The machinery in your book addresses only issues of identification and unbiasedness. Of equal concern for practice is variance, which comes to the fore when (as usual) one has a lot of estimators with similar bias to choose from, for within that set of estimators the variance becomes the key driver of expected loss (usually taken as MSE (mean-squared-error = variance+bias^2). Thus for example you may identify a lot of (almost-) sufficient subsets in a graph; but the minimum MSE attainable with each may span an order of magnitude. On top of that, the financial costs of obtaining each subset may span orders of magnitudes. So your identification results, while important and useful, are just a start on working out which variables to spend the money to measure and adjust for. The math of the subsequent MSE and cost considerations is harder, but no less important.

Judea Pearl replies:

You are absolutely right, it is just a start, as is stated in Causality page 95. The reason I did not  emphasize the analysis of variance in this book was my assumption that, after a century of extremely fruitful statistical research, one would have little to add to this area.

My hypothesis was:

Once we identify a causal parameter, and produce an estimand of that parameter in closed mathematical form, a century of statistical research can be harnessed to the problem, and render theestimation task a routine exercise in data analysis. Why spend energy on areas well researched when so much needs to be done in areas of neglect?

However, the specific problem you raised, that of choosing among competing sufficient sets, happens to be one that Tian, Paz and Pearl (1998) did tackle and solved. See Causality page 80, reading: “The criterion also enable the analyst to search for an optimal set of covariates — a set Z that minimizes measurement cost or sampling variability (Tian et al, 1998).” [Available at] By “solution”, I mean of course, an analytical solution, assuming that cost is additive and well defined for each covariate. The paper provides a polynomial time algorithm that identifies the minimal (or minimum cost) sets of nodes that d-separates two nodes in a graph. When applied to a graph purged of outgoing arrows from the treatment node, the algorithm will enumerate all minimal sufficient sets, i.e., sets of measurements that de-confound the causal relation between treatment and outcome.

Readers who deem such an algorithm useful, should have no difficulty implementing it from the description given in the paper; the introduction of variance considerations though would require some domain-specific expertise.

May 4, 2008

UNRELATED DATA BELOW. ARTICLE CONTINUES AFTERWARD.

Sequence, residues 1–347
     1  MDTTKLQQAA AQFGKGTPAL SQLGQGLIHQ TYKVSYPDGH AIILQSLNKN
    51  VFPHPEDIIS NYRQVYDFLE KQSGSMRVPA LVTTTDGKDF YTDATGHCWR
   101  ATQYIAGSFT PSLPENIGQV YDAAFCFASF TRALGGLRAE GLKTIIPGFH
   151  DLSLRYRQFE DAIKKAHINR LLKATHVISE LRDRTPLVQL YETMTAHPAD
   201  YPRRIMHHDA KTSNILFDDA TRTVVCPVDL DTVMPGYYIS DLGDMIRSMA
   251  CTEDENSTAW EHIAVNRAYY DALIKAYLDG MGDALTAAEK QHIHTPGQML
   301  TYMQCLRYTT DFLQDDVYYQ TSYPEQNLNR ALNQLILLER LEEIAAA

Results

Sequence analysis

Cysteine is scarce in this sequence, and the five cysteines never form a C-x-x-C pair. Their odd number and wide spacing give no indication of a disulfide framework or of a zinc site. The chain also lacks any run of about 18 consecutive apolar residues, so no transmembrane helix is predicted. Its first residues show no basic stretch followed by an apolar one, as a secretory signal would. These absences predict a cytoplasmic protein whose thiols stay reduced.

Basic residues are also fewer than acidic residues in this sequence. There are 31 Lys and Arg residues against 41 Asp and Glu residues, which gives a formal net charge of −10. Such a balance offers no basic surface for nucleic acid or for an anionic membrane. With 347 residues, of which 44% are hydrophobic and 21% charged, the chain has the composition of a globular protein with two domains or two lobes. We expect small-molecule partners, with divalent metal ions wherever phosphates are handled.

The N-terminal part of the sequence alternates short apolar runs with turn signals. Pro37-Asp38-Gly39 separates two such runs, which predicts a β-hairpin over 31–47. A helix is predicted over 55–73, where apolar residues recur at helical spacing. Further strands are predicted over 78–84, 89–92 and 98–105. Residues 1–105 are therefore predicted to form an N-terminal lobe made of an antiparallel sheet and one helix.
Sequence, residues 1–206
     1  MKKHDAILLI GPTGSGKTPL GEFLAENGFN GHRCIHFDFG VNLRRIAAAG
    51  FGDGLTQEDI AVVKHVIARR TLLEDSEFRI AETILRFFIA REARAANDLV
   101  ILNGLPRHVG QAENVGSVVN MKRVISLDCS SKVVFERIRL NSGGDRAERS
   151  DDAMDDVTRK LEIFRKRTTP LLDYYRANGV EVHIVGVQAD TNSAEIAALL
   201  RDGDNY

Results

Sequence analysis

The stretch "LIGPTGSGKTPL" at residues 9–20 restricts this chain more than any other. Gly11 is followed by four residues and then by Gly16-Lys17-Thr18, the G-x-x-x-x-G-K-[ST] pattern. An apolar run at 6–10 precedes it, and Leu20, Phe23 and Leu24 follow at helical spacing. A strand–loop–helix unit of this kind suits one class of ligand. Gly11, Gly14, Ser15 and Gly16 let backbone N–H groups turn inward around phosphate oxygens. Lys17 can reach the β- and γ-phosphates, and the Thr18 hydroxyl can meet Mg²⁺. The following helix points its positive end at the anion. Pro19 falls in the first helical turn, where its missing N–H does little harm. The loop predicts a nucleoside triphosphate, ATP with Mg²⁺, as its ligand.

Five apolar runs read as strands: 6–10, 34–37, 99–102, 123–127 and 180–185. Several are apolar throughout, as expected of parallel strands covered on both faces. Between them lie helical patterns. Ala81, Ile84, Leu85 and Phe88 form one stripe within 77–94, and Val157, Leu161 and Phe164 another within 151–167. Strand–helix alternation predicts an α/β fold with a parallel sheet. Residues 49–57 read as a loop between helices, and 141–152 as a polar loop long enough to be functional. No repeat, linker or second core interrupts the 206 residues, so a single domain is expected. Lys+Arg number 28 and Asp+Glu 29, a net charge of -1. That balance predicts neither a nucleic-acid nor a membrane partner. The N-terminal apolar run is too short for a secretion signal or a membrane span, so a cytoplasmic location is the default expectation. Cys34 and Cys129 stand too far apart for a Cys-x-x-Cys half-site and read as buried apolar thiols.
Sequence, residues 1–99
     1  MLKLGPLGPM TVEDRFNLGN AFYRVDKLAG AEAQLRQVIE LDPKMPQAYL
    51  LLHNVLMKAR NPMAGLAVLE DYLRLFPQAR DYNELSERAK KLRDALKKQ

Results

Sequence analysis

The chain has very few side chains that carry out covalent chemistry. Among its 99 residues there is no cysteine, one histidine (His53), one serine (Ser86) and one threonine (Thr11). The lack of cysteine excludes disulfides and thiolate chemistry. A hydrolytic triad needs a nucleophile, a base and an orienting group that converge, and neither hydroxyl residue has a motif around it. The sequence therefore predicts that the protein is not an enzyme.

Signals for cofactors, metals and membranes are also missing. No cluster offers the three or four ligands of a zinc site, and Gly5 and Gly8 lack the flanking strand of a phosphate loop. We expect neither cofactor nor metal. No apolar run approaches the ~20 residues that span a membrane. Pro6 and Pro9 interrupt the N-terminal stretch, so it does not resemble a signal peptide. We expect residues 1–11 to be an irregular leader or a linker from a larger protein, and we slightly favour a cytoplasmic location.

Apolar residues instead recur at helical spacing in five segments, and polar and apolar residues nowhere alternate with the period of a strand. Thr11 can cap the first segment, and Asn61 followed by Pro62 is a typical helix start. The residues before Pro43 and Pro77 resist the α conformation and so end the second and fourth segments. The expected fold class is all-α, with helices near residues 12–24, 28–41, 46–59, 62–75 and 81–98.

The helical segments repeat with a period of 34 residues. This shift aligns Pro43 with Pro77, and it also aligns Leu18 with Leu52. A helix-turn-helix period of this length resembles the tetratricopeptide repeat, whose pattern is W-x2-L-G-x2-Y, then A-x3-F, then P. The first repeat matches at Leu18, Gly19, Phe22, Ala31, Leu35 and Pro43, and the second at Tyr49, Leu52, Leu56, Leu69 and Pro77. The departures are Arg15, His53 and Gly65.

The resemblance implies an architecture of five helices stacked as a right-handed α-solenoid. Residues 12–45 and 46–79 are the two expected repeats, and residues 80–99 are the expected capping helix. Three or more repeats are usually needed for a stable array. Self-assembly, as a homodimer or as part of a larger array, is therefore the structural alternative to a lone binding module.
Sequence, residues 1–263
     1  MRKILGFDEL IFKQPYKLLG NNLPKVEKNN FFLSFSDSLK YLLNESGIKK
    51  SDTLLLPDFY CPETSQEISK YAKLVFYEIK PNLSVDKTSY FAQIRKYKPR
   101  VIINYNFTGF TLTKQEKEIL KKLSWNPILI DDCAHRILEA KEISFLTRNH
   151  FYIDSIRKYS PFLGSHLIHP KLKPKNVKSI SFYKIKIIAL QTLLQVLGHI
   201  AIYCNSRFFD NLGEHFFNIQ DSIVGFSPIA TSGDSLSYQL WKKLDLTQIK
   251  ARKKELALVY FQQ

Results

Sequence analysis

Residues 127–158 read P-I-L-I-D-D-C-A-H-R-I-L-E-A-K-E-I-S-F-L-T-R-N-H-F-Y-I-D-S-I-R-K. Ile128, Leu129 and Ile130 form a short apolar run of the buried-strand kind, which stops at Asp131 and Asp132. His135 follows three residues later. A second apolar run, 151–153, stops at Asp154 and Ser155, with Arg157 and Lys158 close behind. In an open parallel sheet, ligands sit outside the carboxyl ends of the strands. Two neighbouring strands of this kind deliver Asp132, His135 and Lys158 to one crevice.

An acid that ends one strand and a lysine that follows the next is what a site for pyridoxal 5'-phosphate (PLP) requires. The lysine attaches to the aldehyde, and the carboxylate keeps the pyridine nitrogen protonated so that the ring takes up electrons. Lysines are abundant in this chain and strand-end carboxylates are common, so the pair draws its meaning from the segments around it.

Alternative Proof of the Back-Door Criterion

Filed under: Back-door criterion — judea @ 6:00 pm

Consider a Markovian model [tex]$G$[/tex] in which [tex]$T$[/tex] stands for the set of parents of [tex]$X$[/tex].  From [tex]{em Causality}[/tex], Eq.~(3.13), we know that the causal effect of [tex]$X$[/tex] on [tex]$Y$[/tex] is given by

[tex]begin{equation} P(y|hat{x}) = sum_{t in T} P(y|x,t) P(t) %% eq 1  label{ch11-eq-a} end{equation}[/tex] (1).

Now assume some members of [tex]$T$[/tex] are unobserved, and we seek another set [tex]$Z$[/tex] of observed variables, to replace [tex]$T$[/tex] so that

[tex]begin{equation} P(y|hat{x}) = sum_{z in Z} P(y|x,Z) P(z) %% eq 2  label{ch11-eq-b} end{equation}[/tex] (2).

It is easily verified that (2) follow from (1) if [tex]$Z$[/tex] satisfies:


Indeed, conditioning on [tex]$Z$[/tex], ([tex]$i$[/tex]) permits us to rewrite (1) as [tex][ P(y|hat{x}) = sum_{t} P(t) sum_z P(y|z,x) P(z|t,x) ][/tex] and ([tex]$ii$[/tex]) further yields [tex]$P(z|t,x)=P(z|t)$[/tex] from which (2) follows. It is now a purely graphical exercize to prove that the back-door criterion implies ([tex]$i$[/tex]) and ([tex]$ii$[/tex]). Indeed, ([tex]$ii$[/tex]) follows directly from the fact that [tex]$Z$[/tex] consists of nondescendants of [tex]$X$[/tex], while the blockage of all back-door path by [tex]$Z$[/tex] implies  , hence ([tex]$i$[/tex]). This follows from observing that any path from [tex]$Y$[/tex] to [tex]$T$[/tex] in [tex]$G$[/tex] that is unblocked by [tex]${X,Z}$[/tex] can be extended to a back-door path from [tex]$Y$[/tex] to [tex]$X$[/tex], unblocked by [tex]$Z$[/tex].

February 22, 2007

Back-door criterion and epidemiology

Filed under: Back-door criterion,Book (J Pearl),Epidemiology — moderator @ 9:03 am

The definition of the back-door condition (Causality, page 79, Definition 3.3.1) seems to be contrived. The exclusion of descendants of X (Condition (i)) seems to be introduced as an after fact, just because we get into trouble if we dont. Why cant we get it from first principles; first define sufficiency of Z in terms of the goal of removing bias and, then, show that, to achieve this goal, you neither want nor need descendants of X in Z.